It is a known fact that the route of administration of a drug is directly related to how quickly it will be absorbed into the bloodstream and how strong an effect it will have on the person who uses it. The three most popular illicit ways to use opioid drugs, including prescription drugs such as Suboxone, are snorting, smoking and injecting. Each of these ways of misuse carries its own set of health risks and may end in fatal consequences(source #4).4

Research has shown that out of the three most popular ways to ingest illicit drugs, the fastest way to get psychoactive substances to the brain is by smoking them. The second fastest way to onset the effects of a drug is to inject it directly into a blood vessel. The third and the slowest is through intranasal administration, or snorting.5,6

It is also known that the route of administration correlates to the level of a drug’s addictiveness. The faster the drug is able to find its way to the brain, the higher its potential for addictiveness and also the likelihood of overdose. This can be applied to Suboxone abuse as well.5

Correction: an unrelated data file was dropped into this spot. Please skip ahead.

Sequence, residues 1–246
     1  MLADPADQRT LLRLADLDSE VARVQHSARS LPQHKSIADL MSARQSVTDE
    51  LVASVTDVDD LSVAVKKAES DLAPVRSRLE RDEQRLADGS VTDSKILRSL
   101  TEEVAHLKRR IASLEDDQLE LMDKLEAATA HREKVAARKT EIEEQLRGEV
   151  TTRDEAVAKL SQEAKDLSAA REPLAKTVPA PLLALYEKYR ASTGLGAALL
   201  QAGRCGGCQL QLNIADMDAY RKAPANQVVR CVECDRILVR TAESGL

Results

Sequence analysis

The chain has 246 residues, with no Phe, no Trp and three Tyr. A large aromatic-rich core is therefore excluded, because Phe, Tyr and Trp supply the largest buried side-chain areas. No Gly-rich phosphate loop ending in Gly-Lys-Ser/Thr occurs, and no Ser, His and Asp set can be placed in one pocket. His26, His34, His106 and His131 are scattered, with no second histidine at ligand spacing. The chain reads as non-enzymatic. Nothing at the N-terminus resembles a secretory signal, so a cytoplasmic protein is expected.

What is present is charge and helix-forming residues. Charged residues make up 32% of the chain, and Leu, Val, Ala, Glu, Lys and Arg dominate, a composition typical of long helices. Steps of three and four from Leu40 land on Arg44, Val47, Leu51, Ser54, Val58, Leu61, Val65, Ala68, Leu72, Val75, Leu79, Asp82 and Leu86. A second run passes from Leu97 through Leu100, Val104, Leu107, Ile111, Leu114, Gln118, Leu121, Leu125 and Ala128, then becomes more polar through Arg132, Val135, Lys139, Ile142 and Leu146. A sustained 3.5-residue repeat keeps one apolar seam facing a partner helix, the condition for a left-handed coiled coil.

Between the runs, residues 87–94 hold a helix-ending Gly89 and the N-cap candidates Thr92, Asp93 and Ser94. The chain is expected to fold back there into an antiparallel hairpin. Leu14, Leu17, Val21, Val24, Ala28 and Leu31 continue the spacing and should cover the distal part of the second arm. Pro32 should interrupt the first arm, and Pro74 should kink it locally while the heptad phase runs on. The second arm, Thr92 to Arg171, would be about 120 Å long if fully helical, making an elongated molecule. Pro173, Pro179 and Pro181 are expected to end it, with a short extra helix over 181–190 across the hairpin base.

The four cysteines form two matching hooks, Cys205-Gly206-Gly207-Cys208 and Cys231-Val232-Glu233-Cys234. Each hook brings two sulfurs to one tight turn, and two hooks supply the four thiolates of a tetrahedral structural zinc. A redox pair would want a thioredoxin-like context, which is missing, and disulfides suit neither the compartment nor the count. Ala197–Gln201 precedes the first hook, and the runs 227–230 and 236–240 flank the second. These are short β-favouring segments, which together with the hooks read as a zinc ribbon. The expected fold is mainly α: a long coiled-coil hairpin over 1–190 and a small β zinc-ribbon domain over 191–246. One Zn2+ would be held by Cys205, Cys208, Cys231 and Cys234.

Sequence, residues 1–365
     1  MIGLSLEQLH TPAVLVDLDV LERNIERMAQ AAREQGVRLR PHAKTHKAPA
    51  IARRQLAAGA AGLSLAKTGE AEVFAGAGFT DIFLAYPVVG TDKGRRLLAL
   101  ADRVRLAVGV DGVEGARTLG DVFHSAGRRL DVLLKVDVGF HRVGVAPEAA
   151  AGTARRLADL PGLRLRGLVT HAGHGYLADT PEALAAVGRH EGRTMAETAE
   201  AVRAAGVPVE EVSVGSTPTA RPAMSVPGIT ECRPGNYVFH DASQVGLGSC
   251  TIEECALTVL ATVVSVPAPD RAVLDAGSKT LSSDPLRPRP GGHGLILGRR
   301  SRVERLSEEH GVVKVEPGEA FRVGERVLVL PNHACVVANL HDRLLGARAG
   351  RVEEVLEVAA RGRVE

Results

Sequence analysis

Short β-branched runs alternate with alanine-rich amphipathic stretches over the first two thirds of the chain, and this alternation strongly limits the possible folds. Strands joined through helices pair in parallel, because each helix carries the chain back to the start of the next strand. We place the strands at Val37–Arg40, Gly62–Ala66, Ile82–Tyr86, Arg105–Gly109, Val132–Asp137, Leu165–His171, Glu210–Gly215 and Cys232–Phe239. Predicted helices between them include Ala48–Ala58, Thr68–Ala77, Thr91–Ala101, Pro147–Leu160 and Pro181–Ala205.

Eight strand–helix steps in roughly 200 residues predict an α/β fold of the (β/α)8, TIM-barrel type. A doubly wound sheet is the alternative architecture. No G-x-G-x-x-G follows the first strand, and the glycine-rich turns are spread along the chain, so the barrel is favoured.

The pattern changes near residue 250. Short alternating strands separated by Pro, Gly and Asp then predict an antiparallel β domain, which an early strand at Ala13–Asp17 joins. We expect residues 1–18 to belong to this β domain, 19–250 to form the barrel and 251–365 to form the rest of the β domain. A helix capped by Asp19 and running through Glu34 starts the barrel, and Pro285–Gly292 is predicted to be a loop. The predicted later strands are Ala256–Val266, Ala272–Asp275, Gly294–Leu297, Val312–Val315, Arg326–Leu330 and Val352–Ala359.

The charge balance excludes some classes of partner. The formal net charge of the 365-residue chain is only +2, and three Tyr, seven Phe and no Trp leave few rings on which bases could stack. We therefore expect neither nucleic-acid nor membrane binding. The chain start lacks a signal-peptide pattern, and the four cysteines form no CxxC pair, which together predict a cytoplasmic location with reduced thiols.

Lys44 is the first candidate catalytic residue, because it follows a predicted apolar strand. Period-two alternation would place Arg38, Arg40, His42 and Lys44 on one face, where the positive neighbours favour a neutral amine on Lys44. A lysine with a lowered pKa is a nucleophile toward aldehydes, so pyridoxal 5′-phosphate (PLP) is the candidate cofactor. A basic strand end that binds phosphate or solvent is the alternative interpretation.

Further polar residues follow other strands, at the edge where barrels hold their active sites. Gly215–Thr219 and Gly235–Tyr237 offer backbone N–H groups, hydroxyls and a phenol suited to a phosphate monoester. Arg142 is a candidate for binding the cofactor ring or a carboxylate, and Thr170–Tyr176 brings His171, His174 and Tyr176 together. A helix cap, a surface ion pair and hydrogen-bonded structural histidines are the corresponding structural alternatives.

However, due to the fact that Suboxone contains a powerful opioid antagonist, by using Suboxone in ways other than prescribed, users are more likely to put themselves at risk of experiencing immediate and intense withdrawal symptoms than reaching the desired high. Additionally, all illicit ways of using Suboxone may have a fatal outcome.2,5

How To Get Help For Suboxone Abuse?

If you or a loved one are showing symptoms of Suboxone abuse or addiction, getting adequate treatment and support is of utmost importance. To obtain information on prescription drug abuse in strict confidentiality, and get advice on where to find help, call American Addiction Centers’ 24-hour helpline at (888) 287-0471. 

Calling a helpline may be the first step toward overcoming a substance use disorder or helping a loved one get back on the right track. Our 24-hour helpline is designed to be at your disposal at any time of night or day, point you in the right direction on where to seek treatment and provide you with the resources to explore treatment options most suited to your needs.

During a conversation with one of our trained dispatchers, you will be able to find out the costs of rehabilitation programs and verify your insurance coverage for addiction treatment. In case your insurance doesn’t cover the expenses and you’re worried about not being able to finance your recovery, calling our helpline may introduce you to other possible payment options and help develop a payment plan best suited for your care.